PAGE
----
I am much like you on the old family photos. I cannot quit staring at them, as I know all about them from oral history. I really enjoy yours so much so that when time permits I will come back and study that gorgeous photo. Thanks for sharing! Love, Love, Love, the study of something called genealogy. That word just throws all those great people in a category, and only by reading and hearing about them do they come to life as real people who lived and loved as we do. Appalachians are unique in that we have a great deal of oral history that is handed down to the next generation.
    Our family is close -knit also, and stories about ancestors are shared and handed down through the family, so they are not just ancient appearing photos in black and white. Their cemeteries are respected and cleaned on a regular basis–most of them.
    I can look at my gr gr grandmother’s picture and see my aunt’s features. I have pictures and am aware that another gr gr grandmother died of the Flu Pandemic of 1918 leaving a houseful of small children. I know how they survived. Traits such as being left handed or having twins or triplets in your line become so much more relevant. My first thought was you have fraternal twins in your ancestors, and you have identical.
    There is also a deep seated mystery from over a hundred years ago where there was something called “mountain justice.” I have unraveled what became of all involved, as law enforcement was not very advanced back then.

  • Reply
    eva nell mull wike, PhD
    November 21, 2015 at 9:19 am

    Well Tipper, I have a feeling that this photo will ‘occupy’ your thoughts for a long time. The folks are beautiful.
    Back in the Matheson Cove our farm land was contiguous to Frank and Hazel Coleman’s farm. Their cattle would be in the pasture along our back property. Frank was a hard working man and my brothers, David and Donald, LEARNED how to WORK HARD when Frank would hire them in the summer time to cut and stack the hay! Hazel was a dear friend to my mother.
    Hope your day is warm and sunny! Eva Nell
    p.s. I will be selling copies of “Fiddler of the Mountains” over at the Reese Farm in Blairsville next SATURDAY AND SUNDAY! SEND YOUR FRIENDS!

  • Reply
    Paula Rhodarmer
    November 21, 2015 at 9:18 am

    Tipper, some of my most treasured possessions are old family photographs like this. I recently framed four of them alike (pictures different, frames alike) put them on the wall in my dining room. I can enjoy them there more often and I have been surprised how interesting guests find them.

  • Reply
    Dolores
    November 21, 2015 at 9:13 am

    Amazing how you were able to find the identity of some of family in that picture. I have a cousin who researched much of my dad’s side of the family as his dad was one of my uncles, a brother to my dad. Thanks for sharing!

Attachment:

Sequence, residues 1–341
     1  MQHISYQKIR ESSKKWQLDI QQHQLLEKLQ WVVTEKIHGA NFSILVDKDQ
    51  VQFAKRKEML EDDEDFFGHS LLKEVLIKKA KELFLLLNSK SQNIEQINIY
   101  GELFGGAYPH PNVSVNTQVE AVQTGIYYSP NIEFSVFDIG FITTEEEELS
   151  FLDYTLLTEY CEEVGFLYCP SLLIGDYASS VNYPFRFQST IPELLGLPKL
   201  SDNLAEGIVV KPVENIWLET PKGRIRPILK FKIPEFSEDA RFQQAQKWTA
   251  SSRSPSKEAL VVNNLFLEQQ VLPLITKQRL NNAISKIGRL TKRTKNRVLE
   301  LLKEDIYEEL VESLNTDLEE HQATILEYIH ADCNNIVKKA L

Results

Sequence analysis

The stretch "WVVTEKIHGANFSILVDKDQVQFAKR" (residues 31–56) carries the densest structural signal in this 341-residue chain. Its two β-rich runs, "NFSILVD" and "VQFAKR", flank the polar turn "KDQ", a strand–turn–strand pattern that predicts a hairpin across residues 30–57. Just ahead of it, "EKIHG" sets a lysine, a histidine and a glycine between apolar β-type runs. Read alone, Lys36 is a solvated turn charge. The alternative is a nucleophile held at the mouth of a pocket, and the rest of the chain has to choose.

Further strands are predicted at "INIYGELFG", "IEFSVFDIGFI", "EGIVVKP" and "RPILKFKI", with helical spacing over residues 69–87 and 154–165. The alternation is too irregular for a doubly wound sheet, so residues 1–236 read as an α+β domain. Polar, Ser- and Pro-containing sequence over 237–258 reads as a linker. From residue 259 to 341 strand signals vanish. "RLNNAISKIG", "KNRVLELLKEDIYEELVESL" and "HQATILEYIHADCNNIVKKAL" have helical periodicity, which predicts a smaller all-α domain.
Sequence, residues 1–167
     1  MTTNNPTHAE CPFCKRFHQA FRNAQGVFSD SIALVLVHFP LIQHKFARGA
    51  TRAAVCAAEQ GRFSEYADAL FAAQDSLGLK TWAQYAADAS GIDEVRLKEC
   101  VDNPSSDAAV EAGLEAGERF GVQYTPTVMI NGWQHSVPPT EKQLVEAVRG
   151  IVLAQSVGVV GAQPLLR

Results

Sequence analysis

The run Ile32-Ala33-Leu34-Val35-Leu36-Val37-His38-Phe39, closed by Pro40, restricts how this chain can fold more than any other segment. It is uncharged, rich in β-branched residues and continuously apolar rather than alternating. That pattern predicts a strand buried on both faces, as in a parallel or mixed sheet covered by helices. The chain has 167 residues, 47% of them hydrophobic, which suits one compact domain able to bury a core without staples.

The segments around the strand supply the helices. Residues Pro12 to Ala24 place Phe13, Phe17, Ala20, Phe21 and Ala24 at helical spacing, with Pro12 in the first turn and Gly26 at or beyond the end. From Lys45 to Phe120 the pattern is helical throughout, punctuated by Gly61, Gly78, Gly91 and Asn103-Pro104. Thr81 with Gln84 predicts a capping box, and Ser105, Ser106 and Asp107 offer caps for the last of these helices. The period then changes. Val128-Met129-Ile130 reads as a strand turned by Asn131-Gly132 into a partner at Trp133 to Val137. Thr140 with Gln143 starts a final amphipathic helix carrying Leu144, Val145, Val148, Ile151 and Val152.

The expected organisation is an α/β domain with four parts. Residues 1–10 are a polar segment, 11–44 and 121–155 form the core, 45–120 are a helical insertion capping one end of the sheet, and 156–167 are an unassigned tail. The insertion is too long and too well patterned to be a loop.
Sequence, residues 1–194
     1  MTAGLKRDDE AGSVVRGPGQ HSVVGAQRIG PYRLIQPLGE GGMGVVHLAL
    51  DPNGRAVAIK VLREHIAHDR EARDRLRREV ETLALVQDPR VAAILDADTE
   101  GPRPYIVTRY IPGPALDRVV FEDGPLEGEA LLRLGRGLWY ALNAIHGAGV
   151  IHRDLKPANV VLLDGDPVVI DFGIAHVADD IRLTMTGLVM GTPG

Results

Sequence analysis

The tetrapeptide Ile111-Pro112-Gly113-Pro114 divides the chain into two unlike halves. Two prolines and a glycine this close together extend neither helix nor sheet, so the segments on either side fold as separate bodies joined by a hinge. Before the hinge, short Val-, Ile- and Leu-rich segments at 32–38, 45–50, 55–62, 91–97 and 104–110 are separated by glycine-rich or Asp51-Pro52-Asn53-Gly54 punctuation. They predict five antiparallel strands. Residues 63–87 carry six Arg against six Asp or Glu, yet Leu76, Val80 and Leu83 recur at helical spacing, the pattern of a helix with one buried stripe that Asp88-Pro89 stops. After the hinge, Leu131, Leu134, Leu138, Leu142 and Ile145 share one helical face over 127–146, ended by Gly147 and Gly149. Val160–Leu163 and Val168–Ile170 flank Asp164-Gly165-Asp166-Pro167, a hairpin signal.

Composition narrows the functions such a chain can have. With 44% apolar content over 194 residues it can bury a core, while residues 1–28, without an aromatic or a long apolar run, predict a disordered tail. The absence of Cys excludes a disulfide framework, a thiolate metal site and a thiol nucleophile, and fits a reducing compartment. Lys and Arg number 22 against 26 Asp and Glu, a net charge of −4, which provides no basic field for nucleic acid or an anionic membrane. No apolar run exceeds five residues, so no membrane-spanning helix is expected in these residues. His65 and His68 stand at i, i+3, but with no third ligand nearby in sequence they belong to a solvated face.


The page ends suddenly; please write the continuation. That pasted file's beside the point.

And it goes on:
• Reply
    John Faircloth
    November 21, 2015 at 9:05 am

    What a fantastic picture! It had to be a Sunday, in the Fall or Winter. Aren’t the children being “smart!”
    Just imagine how full the Church must have been that morning. Can you believe how many biscuits
    Big Grandma had to crank out for dinner?
    This kind of a picture feeds us at the deep inner places. Thanks for posting it today.
    [email protected]

  • Reply
    Ron Stephens
    November 21, 2015 at 8:59 am

    It is a wonder to me how family resemblance passes down the generations. Somehow it seems logical to think they would gradually be diluted and fade away but it doesn’t happen. The physical description of my wife’s g-g-g-grandfather from his Civil War documents still describe his g-g-g-g-grandboys.
    My Grandma on Dad’s side had a genealogy in her head. And she wasn’t alone. There were other old timers who did the same. For a very long time I was unsure why. There was a very practical reason. It was, at least in part, to guard against the wrong boys and girls getting together. It was another way to be a good parent. There is the ‘official’ genealogy and the ‘unofficial’ one. But it was not anything talked about. It was with consideration of the feelings and reputation of those most concerned.

  • Reply
    Shirl
    November 21, 2015 at 8:58 am

    You and the girls sure look a lot like Ollie. Yes, Frank was a handsome fellow. He looks like my ex-husband when he was younger. Maybe there’s a reason for the resemblance as his mother was also a Coleman.

  • Reply
    Miss Cindy
    November 21, 2015 at 8:20 am

    That’s pretty amazing. Don’t you know there’s lots of stories there. Every time I see an old family photo like this I wonder who you are , what were you were doing the day this picture was made and what were you doing the next day? You know there are a thousand stories in that picture..
    That’s a fine family, Tip.

  • Reply
    Carol Isler
    November 21, 2015 at 7:54 am

    That’s a fine looking crowd of predecessors you have there, Tipper.

  • Reply
    Darlene Debty Kimsey
    November 21, 2015 at 6:41 am

    What a great picture!